Symptoms may include:
- struggling to spend time with the Lord on a day off, since it feels too much like work;
- depending on public meetings for prayer;
- as above, listening to sermons to apply them to others.
A Middle Path — The Private and the Public are Mutually Enriching
Far better is seeing the complementarity between the two. We distinguish between the public and the private on for the sake of joining them together again. As we do this, we find that the boundary between private and public is pretty porous, and that one enriches the other. We prepare Bible studies with warm-hearted devotion, desiring that every text leads us to Christ, and leads us to love him more. Our study for the sake of serving others makes us more like Christ, and our private prayer makes us better public servants. Our spiritual life is both private and public, and both sides grow up and flourish best together. It’s a win-win.
As we pay attention to both, we will find ourselves better able to serve others in a sustainable way. The question of whether Peter loves Jesus and his command to feed his sheep are not disconnected. It is only from of a a place deep love for Jesus and habits of personally feeding on him that we are able to feed others and lead them to love him more as well. I say this anecdotally, but I think it’s true — we are impacted more by people in leadership modelling repentance in their own lives than just telling us what to change in ours. We serve our congregations, small groups, and friends better by showing how Scripture changes us, not just how we think it should apply to the guy sitting next to us.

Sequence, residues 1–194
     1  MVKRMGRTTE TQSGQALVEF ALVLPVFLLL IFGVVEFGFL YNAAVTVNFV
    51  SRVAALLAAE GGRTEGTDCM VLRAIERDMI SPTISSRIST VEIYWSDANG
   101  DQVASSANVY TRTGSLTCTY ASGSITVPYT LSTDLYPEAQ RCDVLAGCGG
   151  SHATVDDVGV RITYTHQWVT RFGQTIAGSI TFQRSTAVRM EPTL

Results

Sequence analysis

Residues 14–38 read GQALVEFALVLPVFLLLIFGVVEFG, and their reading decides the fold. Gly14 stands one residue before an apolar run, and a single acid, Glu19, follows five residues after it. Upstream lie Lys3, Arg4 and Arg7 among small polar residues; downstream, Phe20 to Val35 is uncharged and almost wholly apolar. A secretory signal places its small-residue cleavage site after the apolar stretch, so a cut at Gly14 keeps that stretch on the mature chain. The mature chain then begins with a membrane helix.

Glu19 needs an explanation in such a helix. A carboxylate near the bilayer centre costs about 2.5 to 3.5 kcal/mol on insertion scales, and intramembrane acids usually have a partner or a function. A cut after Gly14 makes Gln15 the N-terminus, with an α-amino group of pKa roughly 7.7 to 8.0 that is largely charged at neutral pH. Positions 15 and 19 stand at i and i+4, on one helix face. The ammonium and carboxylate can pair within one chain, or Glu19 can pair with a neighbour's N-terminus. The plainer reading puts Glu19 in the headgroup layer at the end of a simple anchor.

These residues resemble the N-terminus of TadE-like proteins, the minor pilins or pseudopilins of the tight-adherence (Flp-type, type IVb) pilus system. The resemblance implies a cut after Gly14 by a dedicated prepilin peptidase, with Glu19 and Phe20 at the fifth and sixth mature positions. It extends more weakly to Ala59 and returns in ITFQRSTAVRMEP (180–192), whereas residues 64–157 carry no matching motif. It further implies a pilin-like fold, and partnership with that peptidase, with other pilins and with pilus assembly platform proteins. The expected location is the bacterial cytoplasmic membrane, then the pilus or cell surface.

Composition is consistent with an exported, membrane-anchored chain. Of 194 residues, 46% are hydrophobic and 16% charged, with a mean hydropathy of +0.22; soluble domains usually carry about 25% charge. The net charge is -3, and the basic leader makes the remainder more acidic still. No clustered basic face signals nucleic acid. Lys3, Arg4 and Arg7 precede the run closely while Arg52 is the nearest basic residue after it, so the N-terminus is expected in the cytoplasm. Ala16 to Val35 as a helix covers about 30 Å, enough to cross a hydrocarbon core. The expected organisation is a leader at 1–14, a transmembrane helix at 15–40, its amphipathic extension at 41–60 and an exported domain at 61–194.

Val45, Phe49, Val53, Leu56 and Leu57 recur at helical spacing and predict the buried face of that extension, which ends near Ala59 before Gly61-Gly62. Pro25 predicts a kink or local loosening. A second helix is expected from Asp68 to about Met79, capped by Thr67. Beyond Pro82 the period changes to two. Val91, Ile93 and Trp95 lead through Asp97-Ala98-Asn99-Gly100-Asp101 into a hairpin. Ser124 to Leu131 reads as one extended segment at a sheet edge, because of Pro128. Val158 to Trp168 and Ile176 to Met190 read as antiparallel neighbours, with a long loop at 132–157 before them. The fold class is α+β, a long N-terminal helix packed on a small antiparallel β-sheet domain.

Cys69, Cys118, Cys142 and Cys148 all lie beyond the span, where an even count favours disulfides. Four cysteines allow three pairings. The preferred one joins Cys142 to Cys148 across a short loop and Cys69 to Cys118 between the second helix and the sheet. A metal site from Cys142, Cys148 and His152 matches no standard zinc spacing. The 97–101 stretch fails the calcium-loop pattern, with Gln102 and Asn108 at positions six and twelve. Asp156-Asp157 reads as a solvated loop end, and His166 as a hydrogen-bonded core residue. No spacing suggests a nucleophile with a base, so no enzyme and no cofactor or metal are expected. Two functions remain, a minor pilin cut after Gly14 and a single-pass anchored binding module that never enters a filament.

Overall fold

Holding the two together helps us overcome our anxiety over our performance in ministry as well. The deep and wonderful truth at the bottom of this is that God does not want slick professionals doing the work of the kingdom— he wants you. He will teach you things in private for the sake of you serving others better in public, and he’ll teach you things in public so that your prayer in secret may be more rich and affectionate.The Lord doesn’t want you to work out the best easy, functional, shortcut ways of serving, he wants to work in you to be a true servant. He doesn’t want you to divide your personality or identity in two, but to work through your personality as it is redeemed and sanctified in Christ.
Ways of Finding the Middle Path
Rest. If we consider God to be our boss, then we will try to avoid him on our days off. If we consider God to be our Father, from whom all blessings flow and in whom true rest is found, then we will look to him on our
Days off. In fact, perhaps the better word than day off is Sabbath. The employers of this world give you a day off so that you can just work harder next week. The God of Israel gives you a sabbath so that you would rest in him, and look forward to the day of resting from your labours in his presence forever. God is your Father who loves and will refresh you, not your boss who will wear you out. If you spend more time with him on your day off, you’ll be more refreshed than if you avoid him. I guarantee it.
Pray. It sounds too obvious to need saying, but say it we must, because we are so prone to neglect it. The type #1 may need to remember to keep all their ministry soaked in prayer, the type #2 may need to remember to pray for themselves and spend unhurried time with their Father who sees in secret.
Let grace kill guilt. It is easy to feel guilty if we feel we’re going wrong in either direction. Perhaps we feel we ought to be applying every bit of spiritual input we’re getting equally, and lingering over every passage. It just isn’t possible. It’s OK if your quiet times just involve going back over things you’ve heard on Sunday morning — that might even be better for you than trying to digest more.
Let Christ meet you everywhere. Whatever you’re doing, prepping, or praying for, let Christ meet you in every aspect of your work and life. In all the tasks of being an apprentice, there is some way in which we can imitate the example that Christ has given us, and grow more into his likeness. Expect that you will be most profoundly shaped by what you’re preparing to teach — if you aren’t being changed more by passages you prepare to teach, then your prep is almost certainly too shallow and my bet is your teaching will be totally anaemic to prove it.